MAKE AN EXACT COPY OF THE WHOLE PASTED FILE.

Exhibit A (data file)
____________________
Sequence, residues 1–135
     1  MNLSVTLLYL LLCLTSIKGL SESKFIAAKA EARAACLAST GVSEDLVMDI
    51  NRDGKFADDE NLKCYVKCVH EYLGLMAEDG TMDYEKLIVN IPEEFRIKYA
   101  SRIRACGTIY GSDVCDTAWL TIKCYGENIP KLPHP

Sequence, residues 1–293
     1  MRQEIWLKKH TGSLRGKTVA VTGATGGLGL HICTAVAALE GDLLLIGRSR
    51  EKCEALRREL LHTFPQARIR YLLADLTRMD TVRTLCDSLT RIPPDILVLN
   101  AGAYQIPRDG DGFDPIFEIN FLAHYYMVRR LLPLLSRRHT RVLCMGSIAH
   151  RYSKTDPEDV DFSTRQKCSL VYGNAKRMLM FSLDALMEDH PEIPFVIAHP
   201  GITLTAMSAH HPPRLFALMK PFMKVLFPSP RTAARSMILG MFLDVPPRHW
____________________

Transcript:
Sequence, residues 1–135
     1  MNLSVTLLYL LLCLTSIKGL SESKFIAAKA EARAACLAST GVSEDLVMDI
    51  NRDGKFADDE NLKCYVKCVH EYLGLMAEDG TMDYEKLIVN IPEEFRIKYA
   101  SRIRACGTIY GSDVCDTAWL TIKCYGENIP KLPHP

Sequence, residues 1–293
     1  MRQEIWLKKH TGSLRGKTVA VTGATGGLGL HICTAVAALE GDLLLIGRSR
    51  EKCEALRREL LHTFPQARIR YLLADLTRMD TVRTLCDSLT RIPPDILVLN
   101  AGAYQIPRDG DGFDPIFEIN FLAHYYMVRR LLPLLSRRHT RVLCMGSIAH
   151  RYSKTDPEDV DFSTRQKCSL VYGNAKRMLM FSLDALMEDH PEIPFVIAHP
   201  GITLTAMSAH HPPRLFALMK PFMKVLFPSP RTAARSMILG MFLDVPPRHW